What You Need to Know About Joint Debt
You can obtain joint debt in several ways. The most obvious way is when you get married and begin to share finances, including a mortgage, auto loan, credit cards, and more. However, there are less obvious ways to obtain joint debt. Perhaps you applied for a credit card with your child to help them build their credit score. Maybe you co-signed an installment plan for a good friend. In this article, we will break down joint debt and who is responsible for it.
What is Joint Debt?
Joint debt is debt that you and another person(s) become responsible for after entering into a financial agreement to obtain the debt. When it comes to joint debt, there is no “my half” or “your half.” Both you and the other person are responsible for the full amount of debt. This means that if you have a verbal agreement to each pay half of the debt, but the other person suddenly cannot afford to pay, you are still responsible for the debt. This also means that in the case of credit cards, you are responsible for the balance owed, even if you do not contribute to making purchases on the card. Joint debt usually arises from mortgages, credit cards, loans, and lines of credit.
On the positive side, joint debt allows two or more people to combine their resources, like income, assets, and credit scores, to obtain greater amount of credit. Doing so allows for larger purchases to be made. For example, you may not qualify on your own to purchase a home, but an additional income and credit score might be able to help you qualify. Joint debt can also help get someone’s credit history started or even repaired in some cases. For example, if you have a good friend who does not have the best credit and therefore does not qualify for many loans, your co-signing can not only help them qualify, but it can also give them an opportunity to repair their credit by paying off the debt.
When Am I Responsible for Joint Debt?
If you enter a joint financial contract with a friend, family member or partner, you are fully responsible for the joint debt that arises from the contract. Let’s look at a few special scenarios that still make you responsible for joint debt.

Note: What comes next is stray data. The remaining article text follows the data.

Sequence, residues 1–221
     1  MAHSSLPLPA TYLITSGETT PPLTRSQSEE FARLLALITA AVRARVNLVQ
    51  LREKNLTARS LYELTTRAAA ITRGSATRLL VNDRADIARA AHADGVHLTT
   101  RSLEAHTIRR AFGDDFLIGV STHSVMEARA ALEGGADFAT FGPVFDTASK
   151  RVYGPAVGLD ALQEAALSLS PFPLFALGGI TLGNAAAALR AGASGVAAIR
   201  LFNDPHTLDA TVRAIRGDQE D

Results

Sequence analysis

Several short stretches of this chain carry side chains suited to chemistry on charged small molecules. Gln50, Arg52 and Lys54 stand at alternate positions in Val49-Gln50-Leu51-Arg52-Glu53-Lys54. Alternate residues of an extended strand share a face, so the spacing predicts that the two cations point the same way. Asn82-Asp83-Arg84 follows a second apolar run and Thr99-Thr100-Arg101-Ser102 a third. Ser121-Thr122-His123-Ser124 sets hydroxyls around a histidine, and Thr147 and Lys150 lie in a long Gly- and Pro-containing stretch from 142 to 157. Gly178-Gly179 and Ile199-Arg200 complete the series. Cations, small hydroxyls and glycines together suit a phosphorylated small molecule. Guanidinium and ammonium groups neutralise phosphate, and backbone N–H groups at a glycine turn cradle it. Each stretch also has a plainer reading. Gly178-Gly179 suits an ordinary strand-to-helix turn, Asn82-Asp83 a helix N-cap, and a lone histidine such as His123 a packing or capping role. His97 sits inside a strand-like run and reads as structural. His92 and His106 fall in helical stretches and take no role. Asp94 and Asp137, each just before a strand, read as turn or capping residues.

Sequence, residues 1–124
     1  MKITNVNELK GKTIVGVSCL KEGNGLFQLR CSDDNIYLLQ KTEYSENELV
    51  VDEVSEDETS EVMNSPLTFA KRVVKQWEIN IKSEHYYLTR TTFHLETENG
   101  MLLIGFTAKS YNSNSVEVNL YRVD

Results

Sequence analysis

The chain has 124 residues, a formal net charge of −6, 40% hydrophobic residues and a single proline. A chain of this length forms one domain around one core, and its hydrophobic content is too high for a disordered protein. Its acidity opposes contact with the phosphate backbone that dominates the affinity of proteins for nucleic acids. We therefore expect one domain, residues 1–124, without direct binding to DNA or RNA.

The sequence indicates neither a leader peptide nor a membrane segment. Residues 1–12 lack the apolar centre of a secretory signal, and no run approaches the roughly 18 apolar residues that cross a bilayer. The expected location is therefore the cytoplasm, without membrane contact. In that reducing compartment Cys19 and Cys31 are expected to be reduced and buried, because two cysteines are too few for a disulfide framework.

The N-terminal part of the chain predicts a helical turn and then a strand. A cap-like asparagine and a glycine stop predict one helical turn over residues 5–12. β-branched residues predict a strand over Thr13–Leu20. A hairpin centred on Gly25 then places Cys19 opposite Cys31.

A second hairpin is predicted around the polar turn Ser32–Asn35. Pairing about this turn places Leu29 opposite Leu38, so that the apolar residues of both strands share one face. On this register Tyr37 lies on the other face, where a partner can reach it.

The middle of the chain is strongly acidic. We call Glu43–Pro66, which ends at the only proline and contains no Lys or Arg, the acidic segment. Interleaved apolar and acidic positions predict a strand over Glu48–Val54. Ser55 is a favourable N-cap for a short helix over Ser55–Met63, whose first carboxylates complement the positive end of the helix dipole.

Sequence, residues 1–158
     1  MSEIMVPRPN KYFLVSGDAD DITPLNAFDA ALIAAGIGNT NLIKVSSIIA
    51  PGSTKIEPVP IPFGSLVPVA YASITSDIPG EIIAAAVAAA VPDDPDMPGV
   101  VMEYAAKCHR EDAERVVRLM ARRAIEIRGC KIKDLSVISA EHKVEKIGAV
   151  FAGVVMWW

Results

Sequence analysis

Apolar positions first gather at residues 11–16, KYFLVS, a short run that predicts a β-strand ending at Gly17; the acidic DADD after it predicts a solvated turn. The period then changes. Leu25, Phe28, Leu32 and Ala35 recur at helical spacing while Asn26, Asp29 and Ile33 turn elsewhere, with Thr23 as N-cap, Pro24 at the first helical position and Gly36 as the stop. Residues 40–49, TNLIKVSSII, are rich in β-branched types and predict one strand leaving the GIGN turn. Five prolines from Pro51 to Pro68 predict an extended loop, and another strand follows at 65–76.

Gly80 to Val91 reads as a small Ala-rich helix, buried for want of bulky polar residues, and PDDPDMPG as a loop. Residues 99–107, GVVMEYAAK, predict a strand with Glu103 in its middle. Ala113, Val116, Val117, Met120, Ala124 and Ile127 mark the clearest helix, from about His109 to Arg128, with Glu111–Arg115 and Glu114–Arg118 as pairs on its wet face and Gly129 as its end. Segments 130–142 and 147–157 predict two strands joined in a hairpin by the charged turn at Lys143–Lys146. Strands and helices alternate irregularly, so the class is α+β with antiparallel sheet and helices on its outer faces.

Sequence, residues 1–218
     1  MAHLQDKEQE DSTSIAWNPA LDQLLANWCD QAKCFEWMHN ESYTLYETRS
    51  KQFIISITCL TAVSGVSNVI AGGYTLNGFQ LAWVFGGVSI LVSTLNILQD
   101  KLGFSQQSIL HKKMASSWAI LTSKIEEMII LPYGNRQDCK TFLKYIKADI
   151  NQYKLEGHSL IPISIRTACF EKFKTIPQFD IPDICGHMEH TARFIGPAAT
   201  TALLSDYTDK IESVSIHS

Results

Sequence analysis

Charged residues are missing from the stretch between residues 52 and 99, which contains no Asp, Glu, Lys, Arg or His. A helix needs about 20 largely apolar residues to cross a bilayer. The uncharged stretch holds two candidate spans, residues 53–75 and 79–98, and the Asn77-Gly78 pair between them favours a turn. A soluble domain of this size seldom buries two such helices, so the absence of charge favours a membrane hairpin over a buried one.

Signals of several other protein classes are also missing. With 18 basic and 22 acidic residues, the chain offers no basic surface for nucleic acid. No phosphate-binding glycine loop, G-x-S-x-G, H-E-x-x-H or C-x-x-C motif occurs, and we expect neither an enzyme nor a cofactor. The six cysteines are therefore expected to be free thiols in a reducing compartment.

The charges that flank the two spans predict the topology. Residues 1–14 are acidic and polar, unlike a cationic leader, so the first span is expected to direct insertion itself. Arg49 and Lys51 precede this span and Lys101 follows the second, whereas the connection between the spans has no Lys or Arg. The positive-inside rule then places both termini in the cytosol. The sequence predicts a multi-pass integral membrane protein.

Am I Responsible for Joint Debt After a Divorce?
If you and your partner divorce, you are both still legally responsible for any joint debts you have. For example, if you co-signed an auto loan for a vehicle that your partner drove during your marriage, you are still responsible for the balance owed. The specific rules surrounding debt and divorce or separation vary by state, so you should check your state laws for accurate information. For example, 41 states currently have equitable division of debt, meaning that the spouse with higher income is typically awarded more assets and may also be assigned more of the joint debt. The other nine states follow community property law, which means that assets and debts are typically divided 50-50.
Am I Responsible for Joint Debt After a Bankruptcy?
A bankruptcy filing only addresses the liabilities of the person who filed. For example, if a person files for bankruptcy without their spouse, only the spouse who filed for bankruptcy will have their debts discharged. This means that the non-filing spouse would still owe the joint debt. Married couples can file a joint bankruptcy, but it is common for just one spouse to file to wipe out certain debts while maintaining the credit and assets that belong to the other spouse.
Am I Responsible for Joint Debt After a Death?
In general, a surviving spouse is not responsible for the deceased spouse’s individual debt. However, if the debt was shared, or if you live in a community property state, you may be responsible for your spouse’s debt after their death. The law varies within each community property state. It’s also important to note that if you signed, or co-signed, any medical authorizations or hospital admission forms, you may be responsible for medical bills your spouse incurred before death. It’s not uncommon for a surviving spouse to be targeted by creditors seeking payment for your spouse’s debt, so it’s important to know which debts you are legally responsible for.
Should I Have Joint Debt?
If you live in one of the community property states, having joint debt is almost inevitable. These states include:
- New Mexico
This means anything earned, owned, or owed during marriage is community property, or property that belongs to both you and your spouse equally. Anything earned, owned, or owed before marriage or after separation is separate property. This also includes anything bought or earned with separate property. For example, if you had a car before marriage, and sold the car to buy another car with just the sale money, the new car would be separate property. Additionally, any gifts and inheritances earned before or during marriage, or after separation is separate property. The rules around joint debt can be extremely complex and speaking to an attorney can be the best way to understand what debt you are responsible for, and what you are not. If you find that you are responsible for joint debt, Debtmerica Relief can help. Give us a call at 800-470-8155 for a free consultation.